Off Center
For most contact center managers, the battle against agent attrition is a long-lasting and losing one. It seems that no matter how hard they try to keep agents in place, no matter how creative they get with their motivational tactics, their staff end up splitting for better, higher-paying jobs as a pamphleteer or migrant farm worker.

But the battle against agent turnover needn’t be such a bloody one. There are a number of highly innovative agent retention tactics that managers can implement but rarely do for fear of being too unconventional, or of being institutionalized or arrested.

But hey, if you want to truly tackle turnover, you need to not only think outside the box; you need to collapse the box and cut it up into cardboard confetti that you throw whenever celebrating agents’ fifth year with the contact center. 

Here are a few highly creative ideas that will almost definitely help you dramatically reduce turnover in your center and that will most definitely make you wonder why I am aloud to walk freely among society. 
Fake a contact center reality TV show.
Everybody these days wants to be a reality TV star, but only about 75% of the population will actually ever get a chance to be one. You can play off of the current reality TV craze to retain your agents and ensure that they perform at optimum levels. All you need to do is tell your frontline staff that one of the big networks is piloting a new show called  “So You Want to Be a Contact Center Agent?” and wants to feature your contact center in it. Explain to your staff that each week, any agent who doesn’t meet his or her quality and adherence to schedule objectives will be kicked off the show, and that the agent with the best stats at the end of the season will get to move their cubicle near a window. 

Naturally, you will have to invest in some fake TV cameras and cameramen, a fake producer and a fake director to trick agents into thinking the show is for real. And whenever agents ask you when the show is going to start airing, tell them not until 2016, but that it is guaranteed to be a huge hit, so they should really do their best to stick around until then.

Implement a true remote agent initiative. Study after study has shown that letting agents work from home can greatly increase retention and engagement. The trouble is, with the economy being in the state it’s in, many agents are homeless. But you can’t let things like employee home foreclosures and bankruptcy get in the way of your center’s retention efforts. Instead, you need to implement a truly remote agent model that allows staff to handle customer contacts from wherever they live – be it a cardboard box, a cave, or a van down by the river.

With today’s virtual technology, the walls have come down; anything is possible. Managers and supervisors in the contact center can view the real-time performance of an agent who is handling calls from an abandoned train boxcar just as if that agent were working onsite. Regardless of where they are working, you’ll be able to tell if the remote agent is logged in and handling contacts with quality. And, if they are not, you can send somebody out to make sure the agent hasn’t succumbed to hypothermia or a severe rat infestation.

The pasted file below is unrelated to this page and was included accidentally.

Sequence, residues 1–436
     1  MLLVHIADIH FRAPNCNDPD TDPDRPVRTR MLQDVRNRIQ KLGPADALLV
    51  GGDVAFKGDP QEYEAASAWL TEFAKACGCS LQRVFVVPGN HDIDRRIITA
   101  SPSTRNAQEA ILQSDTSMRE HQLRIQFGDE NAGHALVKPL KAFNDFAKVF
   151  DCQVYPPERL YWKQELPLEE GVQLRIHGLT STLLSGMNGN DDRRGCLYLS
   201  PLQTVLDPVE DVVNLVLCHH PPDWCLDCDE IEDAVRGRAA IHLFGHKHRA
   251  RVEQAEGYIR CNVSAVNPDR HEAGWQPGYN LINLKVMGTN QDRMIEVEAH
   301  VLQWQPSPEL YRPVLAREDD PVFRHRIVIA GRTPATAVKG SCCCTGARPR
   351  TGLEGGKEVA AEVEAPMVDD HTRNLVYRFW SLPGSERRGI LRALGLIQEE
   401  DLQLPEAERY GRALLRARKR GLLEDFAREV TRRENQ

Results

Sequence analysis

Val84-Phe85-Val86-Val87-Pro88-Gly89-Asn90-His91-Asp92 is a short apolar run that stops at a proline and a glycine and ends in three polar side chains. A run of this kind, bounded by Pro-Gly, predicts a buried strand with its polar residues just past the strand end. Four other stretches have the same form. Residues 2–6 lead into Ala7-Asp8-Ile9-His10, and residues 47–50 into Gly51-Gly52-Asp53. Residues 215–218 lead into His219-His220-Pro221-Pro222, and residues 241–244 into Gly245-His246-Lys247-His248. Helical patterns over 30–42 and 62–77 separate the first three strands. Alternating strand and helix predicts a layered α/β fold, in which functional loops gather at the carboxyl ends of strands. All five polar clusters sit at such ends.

It’s a true win-win. The contact center wins because it is able to retain talented staff regardless of how destitute they have become, and the agent wins because they get to have a job without walls – or, in some cases, even a floor or a ceiling.

Make quitting grounds for termination. If all else fails, you can crack down on voluntary agent turnover by creating serious repercussions for such actions. Nobody wants to be fired and be forced to deal with the shame and loss of self-confidence that goes along with it. By making quitting grounds for employee termination, agents will seriously think twice before grasping for freedom. 

I know of one center that implemented a strict “quit and you’re fired” policy, and was able to reduce annual agent turnover by nearly 85%. The center did see a spike in anonymous graffiti and arson, but to this day still boasts one of the highest agent retention rates in the industry.

Xavier Derico
10/1/2010 04:35:23 am

Okay, this was hilarious, especially the remote-agent solution you suggested! Kudos! I may just try some of these. If I'm sued, oh, well.

10/1/2010 04:56:22 am

What do you mean "hilarious", Xavier? Those were all very serious tactics I wrote about. ; )

Give each of them a try in your center. I know a good lawyer if you ever need one.



9/1/2017 08:19:35 pm

If the company doesn't seem to take care of their agents, there is a higher possibility that they will find another job where they see themselves growing as a professional. Personally, I will leave a certain job if I feel that the company is not taking care of me. Of course as an employee, we need to feel that the company needs us and our service. That's why I have a high respect to the companies which have those practices!


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